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Check out these tabs. It includes hammer on's and pull off's but I see a lot of covers for that song on youtube that don't use 'em. They just pick.

Plus I don't know if the original song uses 'em either. How do you figure hammer on's and pull off's in a song?

And where did hammer on's and pull off's come from? Why do you have to use them, why not just pick? Do they make any difference in a song?

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Do they sound different? –  NReilingh Jan 22 at 5:33
    
@NReilingh- yes ,and no.You can make one sound like the other, but they're used more to help the phrasing than to help picking, which they still obviously do. –  Tim Jan 22 at 9:20
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If you are speaking about the "intro," then the tab is wrong. While it is true that a hammer/pull can sound a lot like quick picking, the guitar setup and sound in this particular song really highlights the attack you get from striking the string with a pick. the easiest thing for you to do to test for yourself is to record that passage playing it both ways and then listen for the pick attack. –  horatio Jan 22 at 18:14
    
@NReilingh Yeah they do, but I am confused, the original song doesn't sound like they use hammer on's or pull off's, but the tabs claim so. From Tim's answer, I figured the original song involves only picking, but I am not sure. –  Amar Duplantier Jan 23 at 3:49
    
@horatio Yeah, thanks. That makes some sense. –  Amar Duplantier Jan 23 at 3:50
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2 Answers 2

up vote 5 down vote accepted

They are part of LEGATO playing, along with bends and slides. They SHOULD provide smooth transition from one note to the next. Picked notes generally have an edge to them, so all sound 'attacked'.Whereas hammered-on and pulled-off notes will sound a little more gentle. They are being produced by skin rather than a piece of plastic.

They mean that pick strokes can be fewer when playing, thus speeding things up. They also mean a phrase can be played 'in one breath'. Some forms of playing are expected to use alternate pick strokes, and will sound more authentic played this way. However, in other styles, it's well nigh impossible to tell if certain notes are picked or pulled/hammered.

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I've found on this site that people tend to over-specify. And yes, the other answer is right, its for a legato feel. You're probably accentuating these hammer ons and pull offs more than is intended or letting them interfere with timing.

Party the natural thing to do when transcribing from a recording is try to nail down the exact sound, including the artists interpretation. Partly its also to do with the limitations of tab. It's quite hard to express something like Legato in tab, when unaccompanied by notation. Hopefully you've got the music as a guide. Always take the tab with a pinch of salt and think what they were trying to achieve. Often its better to strip them out at first (although tim makes a good point in the comments), learn now embellish later, to better decide on what sound to create.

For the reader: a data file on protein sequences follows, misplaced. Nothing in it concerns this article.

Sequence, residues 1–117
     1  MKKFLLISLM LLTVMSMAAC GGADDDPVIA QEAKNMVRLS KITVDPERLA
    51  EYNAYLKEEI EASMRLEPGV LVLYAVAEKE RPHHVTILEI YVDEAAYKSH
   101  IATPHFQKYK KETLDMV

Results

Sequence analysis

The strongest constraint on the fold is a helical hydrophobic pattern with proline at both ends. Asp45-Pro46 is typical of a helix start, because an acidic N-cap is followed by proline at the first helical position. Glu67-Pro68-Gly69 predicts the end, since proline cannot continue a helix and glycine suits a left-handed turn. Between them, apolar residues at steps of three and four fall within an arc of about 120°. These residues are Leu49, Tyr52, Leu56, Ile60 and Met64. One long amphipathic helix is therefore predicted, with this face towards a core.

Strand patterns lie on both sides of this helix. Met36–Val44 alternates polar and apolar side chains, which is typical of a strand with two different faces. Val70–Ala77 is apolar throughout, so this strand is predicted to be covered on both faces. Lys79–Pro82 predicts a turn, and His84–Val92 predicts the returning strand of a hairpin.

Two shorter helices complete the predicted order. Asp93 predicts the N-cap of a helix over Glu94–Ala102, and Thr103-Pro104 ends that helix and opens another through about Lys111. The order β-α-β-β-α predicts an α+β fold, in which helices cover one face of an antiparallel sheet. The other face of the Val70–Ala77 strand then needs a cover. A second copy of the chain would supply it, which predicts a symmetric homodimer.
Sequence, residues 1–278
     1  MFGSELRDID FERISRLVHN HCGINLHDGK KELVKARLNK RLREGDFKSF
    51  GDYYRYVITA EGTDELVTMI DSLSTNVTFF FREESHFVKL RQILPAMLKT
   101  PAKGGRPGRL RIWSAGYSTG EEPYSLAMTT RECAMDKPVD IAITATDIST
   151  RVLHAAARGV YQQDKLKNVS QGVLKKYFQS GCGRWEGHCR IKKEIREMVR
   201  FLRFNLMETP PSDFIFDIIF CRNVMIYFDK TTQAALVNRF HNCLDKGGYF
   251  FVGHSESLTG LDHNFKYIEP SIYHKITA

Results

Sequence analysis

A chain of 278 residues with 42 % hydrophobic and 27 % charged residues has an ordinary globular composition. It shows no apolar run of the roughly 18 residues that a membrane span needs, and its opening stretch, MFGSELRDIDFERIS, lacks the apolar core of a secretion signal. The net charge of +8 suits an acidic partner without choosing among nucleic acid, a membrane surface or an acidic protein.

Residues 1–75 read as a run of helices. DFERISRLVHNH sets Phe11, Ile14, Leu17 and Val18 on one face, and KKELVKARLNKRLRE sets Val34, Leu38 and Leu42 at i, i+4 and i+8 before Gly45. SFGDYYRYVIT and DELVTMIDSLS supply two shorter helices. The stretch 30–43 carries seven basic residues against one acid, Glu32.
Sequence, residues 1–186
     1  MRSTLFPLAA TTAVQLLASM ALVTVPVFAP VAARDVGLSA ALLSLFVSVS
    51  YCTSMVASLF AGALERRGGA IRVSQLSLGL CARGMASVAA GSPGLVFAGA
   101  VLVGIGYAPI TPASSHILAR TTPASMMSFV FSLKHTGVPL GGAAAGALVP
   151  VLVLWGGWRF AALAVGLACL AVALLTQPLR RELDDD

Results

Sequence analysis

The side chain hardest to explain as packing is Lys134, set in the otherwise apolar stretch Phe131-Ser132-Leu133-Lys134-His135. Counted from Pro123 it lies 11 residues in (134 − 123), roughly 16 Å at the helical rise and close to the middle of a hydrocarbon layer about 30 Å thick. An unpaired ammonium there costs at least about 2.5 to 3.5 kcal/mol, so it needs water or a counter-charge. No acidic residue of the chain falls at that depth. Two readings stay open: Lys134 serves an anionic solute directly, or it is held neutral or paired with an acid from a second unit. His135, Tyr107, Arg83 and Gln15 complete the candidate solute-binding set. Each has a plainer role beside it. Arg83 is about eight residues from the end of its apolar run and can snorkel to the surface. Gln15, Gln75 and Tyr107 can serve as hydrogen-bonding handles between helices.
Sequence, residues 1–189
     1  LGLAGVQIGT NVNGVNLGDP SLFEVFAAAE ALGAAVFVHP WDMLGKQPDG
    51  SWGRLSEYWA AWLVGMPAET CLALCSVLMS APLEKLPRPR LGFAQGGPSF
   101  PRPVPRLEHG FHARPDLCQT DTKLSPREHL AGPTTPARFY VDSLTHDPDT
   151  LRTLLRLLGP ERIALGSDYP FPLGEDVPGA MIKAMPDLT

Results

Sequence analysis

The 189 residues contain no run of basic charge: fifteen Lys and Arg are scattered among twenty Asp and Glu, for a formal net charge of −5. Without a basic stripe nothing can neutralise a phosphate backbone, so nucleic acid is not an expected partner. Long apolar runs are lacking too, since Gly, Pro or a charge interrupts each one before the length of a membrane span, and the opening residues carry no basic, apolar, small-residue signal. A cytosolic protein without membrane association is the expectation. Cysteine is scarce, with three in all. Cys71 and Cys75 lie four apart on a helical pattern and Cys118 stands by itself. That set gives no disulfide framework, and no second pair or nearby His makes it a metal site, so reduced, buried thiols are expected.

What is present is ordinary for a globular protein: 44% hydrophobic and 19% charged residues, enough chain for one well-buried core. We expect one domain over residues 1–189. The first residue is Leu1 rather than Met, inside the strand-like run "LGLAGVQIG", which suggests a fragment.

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@Nathan-the trouble with learning a quick piece from scratch is that once you've put in/ left out legato, you've maybe got to re-learn the whole lot because of the difference in picking when you want to change.Somehow it would (in theory) be better to 'get it right' initially. Not that I believe most tab I see anyway. –  Tim Jan 22 at 9:17
    
@Tim I think it depends. Something like legato I'm usually inclined to agree. However, if this legato is achieved in a complex manner, depending on skill level, it can be better to focus on nailing rhythm first. I wouldn't learn the whole think simply and then go back, but i probably would do it passage by passage. –  Nathan Cooper Jan 22 at 9:23
    
yes, except that the more one plays a piece or part of it, the more it gets embedded. It's what practice is all about. Then you've got to unlearn... –  Tim Jan 22 at 9:33
    
@Tim In your case you have to unlearn your poor timing. And you're not making hard music approachable. If you had something like riverdance (very fast constant stream of notes with some ornamentation) to learn you really would not be helping yourself with that approach. Anyway, I think this is a philosophical divide tangential to the question. –  Nathan Cooper Jan 22 at 9:57
    
I felt our comments were totally apposite, since the OP is concerned about to pick or not to pick. Hard music doesn't equal fast music. Getting legato smooth in slow passages can be demanding.Timing will be affected when one learns a phrase with alternate picking and subsequently re-learns it legato.(And vice versa). The timing of the picking, not that of the phrase.But how did 'poor timing' get into this equation ? –  Tim Jan 24 at 15:48
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